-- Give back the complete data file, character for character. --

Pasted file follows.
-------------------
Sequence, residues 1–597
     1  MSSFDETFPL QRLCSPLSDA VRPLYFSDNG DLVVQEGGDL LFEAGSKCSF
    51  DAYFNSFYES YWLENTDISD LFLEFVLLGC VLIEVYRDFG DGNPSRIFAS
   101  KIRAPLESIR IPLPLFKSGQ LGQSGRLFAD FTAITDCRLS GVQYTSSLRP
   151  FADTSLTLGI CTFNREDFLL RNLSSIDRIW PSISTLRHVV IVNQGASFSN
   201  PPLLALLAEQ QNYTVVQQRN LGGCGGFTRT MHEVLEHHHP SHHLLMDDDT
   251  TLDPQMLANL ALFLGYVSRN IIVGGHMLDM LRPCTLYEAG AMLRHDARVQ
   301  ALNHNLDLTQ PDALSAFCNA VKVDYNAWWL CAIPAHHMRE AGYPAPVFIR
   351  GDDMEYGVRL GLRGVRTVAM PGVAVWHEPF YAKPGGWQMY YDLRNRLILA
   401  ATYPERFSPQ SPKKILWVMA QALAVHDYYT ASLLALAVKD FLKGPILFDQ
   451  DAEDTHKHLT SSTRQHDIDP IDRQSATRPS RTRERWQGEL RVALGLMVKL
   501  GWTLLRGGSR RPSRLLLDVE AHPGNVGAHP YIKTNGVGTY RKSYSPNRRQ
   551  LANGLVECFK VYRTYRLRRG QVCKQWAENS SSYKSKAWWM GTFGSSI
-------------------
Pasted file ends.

Sequence, residues 1–597
     1  MSSFDETFPL QRLCSPLSDA VRPLYFSDNG DLVVQEGGDL LFEAGSKCSF
    51  DAYFNSFYES YWLENTDISD LFLEFVLLGC VLIEVYRDFG DGNPSRIFAS
   101  KIRAPLESIR IPLPLFKSGQ LGQSGRLFAD FTAITDCRLS GVQYTSSLRP
   151  FADTSLTLGI CTFNREDFLL RNLSSIDRIW PSISTLRHVV IVNQGASFSN
   201  PPLLALLAEQ QNYTVVQQRN LGGCGGFTRT MHEVLEHHHP SHHLLMDDDT
   251  TLDPQMLANL ALFLGYVSRN IIVGGHMLDM LRPCTLYEAG AMLRHDARVQ
   301  ALNHNLDLTQ PDALSAFCNA VKVDYNAWWL CAIPAHHMRE AGYPAPVFIR
   351  GDDMEYGVRL GLRGVRTVAM PGVAVWHEPF YAKPGGWQMY YDLRNRLILA
   401  ATYPERFSPQ SPKKILWVMA QALAVHDYYT ASLLALAVKD FLKGPILFDQ
   451  DAEDTHKHLT SSTRQHDIDP IDRQSATRPS RTRERWQGEL RVALGLMVKL
   501  GWTLLRGGSR RPSRLLLDVE AHPGNVGAHP YIKTNGVGTY RKSYSPNRRQ
   551  LANGLVECFK VYRTYRLRRG QVCKQWAENS SSYKSKAWWM GTFGSSI